I wrote this blog post a few years back about Instagram concepting and finding your visual voice on Instagram. Branded visual stories through repetition. Concepts. Since then (obviously), we’ve seen a lot of changes on Instagram, from algorithms, to Stories and Live, and millions and millions of new accounts. Storytelling, though, is still the same. The way we can present our accounts and the types of creativity that we’ve seen on Instagram has exploded, and it’s still growing. Time to get your piece 🤑💪.
To go beyond account concepts, something you’ve likely seen on “(insert word) of Instagram,” visual theme accounts provide an additional contextual layer of storytelling. Themes can offer a more consistent, identifiable voice on your profile, and are a simple hack if you want to post about more than one thing.
For brands, a lot of themes start and revolve around the product. Having a consistent brand color scheme, logo, showing the product in use, showing the location, having a persona. For people, most focus on a consistent filter, color pops, or content topics. I’ll cover those, but there are a few themes that can help you stand out even more.
There are a number (more than 5, I’m sure) of ways to create a killer feed with various types of themes. The key is consistency. Build a theme that allows you to express yourself while building brand equity, so that people know you everywhere they see your posts. Get ready to be #feedgoals.
Here are 5 types of account themes you can easily create to up your Instagram game.
- Filter. The most common way to theme. To put it simply, this means editing all of your pictures in the same way. You could go OG with a Valencia, but I personally like to use editing apps that let you copy your filter and apply it to other photos, like VSCO. I’ll still edit each photo a bit so it looks best with that filter, but overall, the tones, contrast, lighting, etc, will remain the same.
2. Block. Blocking is a great way to theme, and to increase your content if you cannot take photos often. This is also known as a “checkerboard feed,” where every other photo uses a consistent background. Some block with quote photos on a solid background, others block in a more natural way by alternating between a dark and a light background.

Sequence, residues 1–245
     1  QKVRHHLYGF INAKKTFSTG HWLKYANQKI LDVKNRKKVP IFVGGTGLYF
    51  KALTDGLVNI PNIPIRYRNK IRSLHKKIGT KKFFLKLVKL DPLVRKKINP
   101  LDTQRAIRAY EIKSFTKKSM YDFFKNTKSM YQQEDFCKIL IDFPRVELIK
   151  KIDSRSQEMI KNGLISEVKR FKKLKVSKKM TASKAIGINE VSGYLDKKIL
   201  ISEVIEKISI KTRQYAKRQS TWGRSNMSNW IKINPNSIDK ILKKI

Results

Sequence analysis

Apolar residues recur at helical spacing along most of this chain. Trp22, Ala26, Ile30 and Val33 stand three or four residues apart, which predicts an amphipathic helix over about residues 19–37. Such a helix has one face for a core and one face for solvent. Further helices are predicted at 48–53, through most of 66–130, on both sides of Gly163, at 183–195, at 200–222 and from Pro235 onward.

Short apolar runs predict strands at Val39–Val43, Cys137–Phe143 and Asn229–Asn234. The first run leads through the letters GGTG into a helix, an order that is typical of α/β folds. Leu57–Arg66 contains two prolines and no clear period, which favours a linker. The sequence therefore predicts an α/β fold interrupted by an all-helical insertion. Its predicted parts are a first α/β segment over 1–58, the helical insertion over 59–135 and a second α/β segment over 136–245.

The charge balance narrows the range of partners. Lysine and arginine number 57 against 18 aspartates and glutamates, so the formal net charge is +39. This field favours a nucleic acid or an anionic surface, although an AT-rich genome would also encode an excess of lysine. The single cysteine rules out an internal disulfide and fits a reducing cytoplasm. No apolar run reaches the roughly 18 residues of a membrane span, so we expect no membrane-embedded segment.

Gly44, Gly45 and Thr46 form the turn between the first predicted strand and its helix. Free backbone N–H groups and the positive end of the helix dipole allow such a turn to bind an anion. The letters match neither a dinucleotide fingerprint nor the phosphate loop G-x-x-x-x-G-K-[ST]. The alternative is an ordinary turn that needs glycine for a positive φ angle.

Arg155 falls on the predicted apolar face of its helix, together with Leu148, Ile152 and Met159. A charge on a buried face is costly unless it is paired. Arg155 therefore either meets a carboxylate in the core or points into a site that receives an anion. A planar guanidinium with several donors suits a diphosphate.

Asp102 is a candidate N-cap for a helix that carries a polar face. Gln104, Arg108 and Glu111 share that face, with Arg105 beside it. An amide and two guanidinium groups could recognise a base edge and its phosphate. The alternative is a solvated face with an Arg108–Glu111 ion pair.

3. Color Pops. This is another common theme, most often when someone has an established brand style guide. Each photo should contain 1 or 2 of your core colors. This type of theme can be difficult to execute and may feel constraining, but if you use props, or have a creative eye that thinks of Instagram photography when you’re out and about, you’ll be set. Once you see it, you’ll be surprised how much of your color you spot in every day life.
4. Color Replace. If you used to play around in MS Paint for fun as a kid, this theme is for you. A variation color pops, color replace is a way to fake a color themed feed. Obviously, the look for many photos is unnatural, but when you focus your entire feed on one color, this feed becomes as easy to execute as a filter theme. Using apps like PicsArt, VSCO, and others with heavy filters and editors can help you replace certain colors in your photos with your core color, or do a complete overlay. My Instagram for Internet Best Friend utilizes both color replace with apps, and complete photo overlays of pink shadows and highlights within the Instagram app. This is also an example of blocking, by alternating between light and dark tones. Color replace is one of the most approachable themes, as you can easily transition between colors if desired.
5. Grid. Grid themes are the most eye-catching (if a user goes to your profile that is), but by far the most difficult to execute. Grids require a lot of planning, and consist of laying out your photos and then slicing them up in different ways (3 and 9 photo blocks are common, as are 4 square and 2 vertical). The issue with grids is that if you upload less than 3 photos as a time, your entire grid will be off when a user goes to your profile. Not a good look! Similarly, when you’re uploading, you don’t want to overload your users with 9 photos of a white square with a tiny piece of content in each. Try to keep each individual photo interesting, and plan out your uploads so your followers don’t get annoyed. For the Black Ops Instagram, I planned out multiple blocks at a time using a scheduling app with a photo cutter (Planoly here), but only uploaded 3 photos per day. Even though we haven’t uploaded in a few months, our mini Instagram art gallery still attracts dozens of followers daily.
Theming is a fun, easy way to level up your Instagram. By using simple visual hacks, you can build a brand that your followers recognize, and draw in new ones. Creating a mini gallery on your Instagram can show off what you know, who you are, and help you attract followers that value your unique perspective. Now go get your aesthetic on.
Feeling lost with your Instagram strategy? Not sure what to post, or how to design your account?
Hit me up, and we’ll work on making you (and your brand) #FeedGoals.